fighting the lack of good ideas

don’t worry about the mules…

Don't worry about the mules...Just load the wagon

tesla’s cybertruck [almost] does two things i’ve said for a long time

“Telsa will add solar power to the Cybertruck to generate 15 miles per day. Fold-out solar wings for the Cybertruck would generate 30 to 40 miles per day. The average daily commute in the US averages 30 miles per day.” (

Or remember my comments on SolarCity 3 years ago?

Offering a solar option (or standard) tonneau cover for the bed is an absolute no-brainer. When you own the solar production plant, why wouldn’t you include it?

But more than this, the multi-motor options are a real-world implementation of something I’ve been saying for 20+ years: it makes far more sense to put a motor at (or very near) each wheel or at least axel in an electric vehicle than it does to have one that’s distributing its work everywhere.

Sure, running the cabling to each wheel/axel is a little complicated – but it’s a lot less complicated than drivetrains.

on color choices

How should you choose color? From illustration to visualization (which, of course, is a form of illustration).

visual text messaging

That’s what Marco Polo is.

Visual text messaging.

With the added perk of being able to save videos you make to your local device for sharing elsehow and elsewhere.

And that, I think, is it’s true Killer Feature™ – the ability to take selfie videos, get more or less instant feedback, make a few tweaks, and then post it for the world to see (if you’re into that kind of thing).

you can’t disaggregate

Had a customer recently ask about to disaggregate a Splunk search that had aggregated fields because they export to CSV horribly.

Here’s the thing.

You can’t disaggregate aggregated fields.

And there’s a Good Reasonâ„¢, too: aggregation, by definition, is a one-way street.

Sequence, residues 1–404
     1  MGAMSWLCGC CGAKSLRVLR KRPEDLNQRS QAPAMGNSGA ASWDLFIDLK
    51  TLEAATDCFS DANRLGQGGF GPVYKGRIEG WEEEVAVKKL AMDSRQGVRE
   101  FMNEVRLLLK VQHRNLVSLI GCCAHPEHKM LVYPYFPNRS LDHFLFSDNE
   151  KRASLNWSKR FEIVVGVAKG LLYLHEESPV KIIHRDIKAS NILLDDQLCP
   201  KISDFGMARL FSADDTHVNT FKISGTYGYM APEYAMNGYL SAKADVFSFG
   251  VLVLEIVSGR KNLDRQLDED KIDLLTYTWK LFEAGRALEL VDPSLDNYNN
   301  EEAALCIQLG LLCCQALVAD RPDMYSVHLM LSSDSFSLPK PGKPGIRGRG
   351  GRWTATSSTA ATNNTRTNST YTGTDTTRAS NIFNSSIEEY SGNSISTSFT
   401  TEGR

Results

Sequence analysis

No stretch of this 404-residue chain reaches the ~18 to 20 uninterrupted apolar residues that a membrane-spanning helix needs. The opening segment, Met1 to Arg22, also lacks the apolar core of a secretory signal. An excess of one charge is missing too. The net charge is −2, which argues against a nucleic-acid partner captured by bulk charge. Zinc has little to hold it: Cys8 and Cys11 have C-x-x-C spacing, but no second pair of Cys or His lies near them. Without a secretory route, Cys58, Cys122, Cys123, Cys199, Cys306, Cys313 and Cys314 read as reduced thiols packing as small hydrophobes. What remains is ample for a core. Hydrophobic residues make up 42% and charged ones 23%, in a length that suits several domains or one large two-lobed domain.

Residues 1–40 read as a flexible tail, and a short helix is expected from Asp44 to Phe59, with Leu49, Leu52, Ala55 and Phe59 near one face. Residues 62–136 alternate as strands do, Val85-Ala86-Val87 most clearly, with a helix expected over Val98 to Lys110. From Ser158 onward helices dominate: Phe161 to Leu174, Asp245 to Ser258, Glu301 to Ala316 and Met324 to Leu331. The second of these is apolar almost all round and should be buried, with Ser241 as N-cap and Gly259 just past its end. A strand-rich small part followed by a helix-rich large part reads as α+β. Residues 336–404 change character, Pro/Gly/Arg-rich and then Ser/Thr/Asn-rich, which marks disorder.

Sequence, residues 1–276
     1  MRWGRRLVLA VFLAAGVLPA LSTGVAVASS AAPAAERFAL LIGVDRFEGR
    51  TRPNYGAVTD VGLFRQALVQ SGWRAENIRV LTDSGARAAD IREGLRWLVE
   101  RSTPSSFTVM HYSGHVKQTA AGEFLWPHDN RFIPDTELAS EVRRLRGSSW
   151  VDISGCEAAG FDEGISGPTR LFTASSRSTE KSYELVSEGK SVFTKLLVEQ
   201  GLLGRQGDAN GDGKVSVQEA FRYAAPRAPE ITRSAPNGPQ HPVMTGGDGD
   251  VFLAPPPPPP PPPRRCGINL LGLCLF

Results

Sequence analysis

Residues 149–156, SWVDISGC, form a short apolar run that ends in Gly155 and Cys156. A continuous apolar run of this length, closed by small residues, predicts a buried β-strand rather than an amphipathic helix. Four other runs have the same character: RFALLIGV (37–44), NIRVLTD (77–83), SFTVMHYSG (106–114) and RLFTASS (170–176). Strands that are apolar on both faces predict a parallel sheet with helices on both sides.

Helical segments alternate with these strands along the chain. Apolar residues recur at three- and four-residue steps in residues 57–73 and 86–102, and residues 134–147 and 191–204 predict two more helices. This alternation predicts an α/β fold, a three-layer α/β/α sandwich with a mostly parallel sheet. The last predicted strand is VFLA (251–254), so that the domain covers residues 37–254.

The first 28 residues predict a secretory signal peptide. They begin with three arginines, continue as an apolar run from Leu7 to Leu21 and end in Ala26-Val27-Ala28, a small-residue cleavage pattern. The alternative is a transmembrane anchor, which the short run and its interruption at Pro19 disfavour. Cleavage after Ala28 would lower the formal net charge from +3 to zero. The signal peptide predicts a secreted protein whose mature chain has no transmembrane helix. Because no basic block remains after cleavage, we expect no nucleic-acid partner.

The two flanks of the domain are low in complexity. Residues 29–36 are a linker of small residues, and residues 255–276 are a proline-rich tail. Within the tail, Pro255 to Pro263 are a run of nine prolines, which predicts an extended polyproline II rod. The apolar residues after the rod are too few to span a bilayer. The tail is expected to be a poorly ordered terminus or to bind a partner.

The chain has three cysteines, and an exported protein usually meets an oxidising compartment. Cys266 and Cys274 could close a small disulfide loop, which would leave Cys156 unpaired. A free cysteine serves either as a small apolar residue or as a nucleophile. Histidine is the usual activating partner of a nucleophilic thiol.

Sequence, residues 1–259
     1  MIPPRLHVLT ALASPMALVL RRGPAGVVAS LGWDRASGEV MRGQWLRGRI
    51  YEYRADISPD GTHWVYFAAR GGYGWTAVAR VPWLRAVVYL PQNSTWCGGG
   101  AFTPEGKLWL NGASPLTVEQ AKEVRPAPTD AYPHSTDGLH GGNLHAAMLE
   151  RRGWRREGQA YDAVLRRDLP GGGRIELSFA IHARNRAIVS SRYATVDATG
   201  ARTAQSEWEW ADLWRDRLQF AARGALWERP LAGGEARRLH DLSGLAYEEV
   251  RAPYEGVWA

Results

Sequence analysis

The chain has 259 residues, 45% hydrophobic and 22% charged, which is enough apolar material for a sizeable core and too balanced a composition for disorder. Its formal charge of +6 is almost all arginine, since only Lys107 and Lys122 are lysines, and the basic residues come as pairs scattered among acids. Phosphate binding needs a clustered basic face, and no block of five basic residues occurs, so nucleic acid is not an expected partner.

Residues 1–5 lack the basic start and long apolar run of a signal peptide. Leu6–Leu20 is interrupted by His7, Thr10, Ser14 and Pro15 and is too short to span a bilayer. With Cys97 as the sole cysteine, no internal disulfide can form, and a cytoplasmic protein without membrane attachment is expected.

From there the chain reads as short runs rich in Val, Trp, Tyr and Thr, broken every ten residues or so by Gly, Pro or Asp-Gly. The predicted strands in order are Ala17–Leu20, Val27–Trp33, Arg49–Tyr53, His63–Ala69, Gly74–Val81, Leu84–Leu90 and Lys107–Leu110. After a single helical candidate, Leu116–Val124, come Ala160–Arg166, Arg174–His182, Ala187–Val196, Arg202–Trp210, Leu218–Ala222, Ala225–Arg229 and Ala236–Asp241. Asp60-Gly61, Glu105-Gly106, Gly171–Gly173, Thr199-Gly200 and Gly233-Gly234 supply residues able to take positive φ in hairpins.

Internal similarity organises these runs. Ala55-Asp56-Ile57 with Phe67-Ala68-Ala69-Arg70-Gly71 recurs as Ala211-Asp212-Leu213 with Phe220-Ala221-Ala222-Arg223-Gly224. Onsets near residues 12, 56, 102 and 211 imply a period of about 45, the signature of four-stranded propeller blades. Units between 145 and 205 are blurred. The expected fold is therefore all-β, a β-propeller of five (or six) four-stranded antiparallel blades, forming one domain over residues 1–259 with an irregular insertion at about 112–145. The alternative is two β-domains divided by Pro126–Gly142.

You can’t un-average something.

Average is an aggregation function.

So why would you think you could disaggregate any other Splunk aggregation operation (like values or list)?

You can’t.

And you shouldn’t be able to (as nice as the theoretical use case for it might be).

So what is a body to do when you have a use case for a clean-to-export report that looks as if it had been aggregated, but every field in each row cleanly plunks-out to a single comma-separated value?

Here’s what I did:

{parent search}
| join {some field that'll exist in the subsearch}
[ search {parent search}
 | stats {some stats functions here} ]
| fields - {whatever you don't want}
| sort - {fieldname}

What does that end up doing?

The subsearch is identical to the outer search, plus whatever filtering/where/|stats you might want/need to do.

Using the resultant, filtered set, join on a field you know will be unique [enough].

Then sort however you’d like, and remove whatever fields you don’t want in the final display.

Of course, be sure your subsearch will complete in under 60 seconds and/or return fewer than 10,000 lines (unless you’ve modified your Splunk limits.conf)

about burning bridges

While you should never be the one to burn the bridge of a relationship, sometimes you need to be aware that the other person had placed dynamite around the joints, soaked the whole shebang in gasoline, and is walking around on top with a lit road flare: and you don’t want to be around when the conflagration begins*.

* Though – sitting far enough away the shards and embers won’t hit you while chant, “burn, baby, burn” can be quite entertaining

never be the one to burn the bridge

But always carry a can of gasoline and some matches – because sometimes you do need to be the one to break the relationship.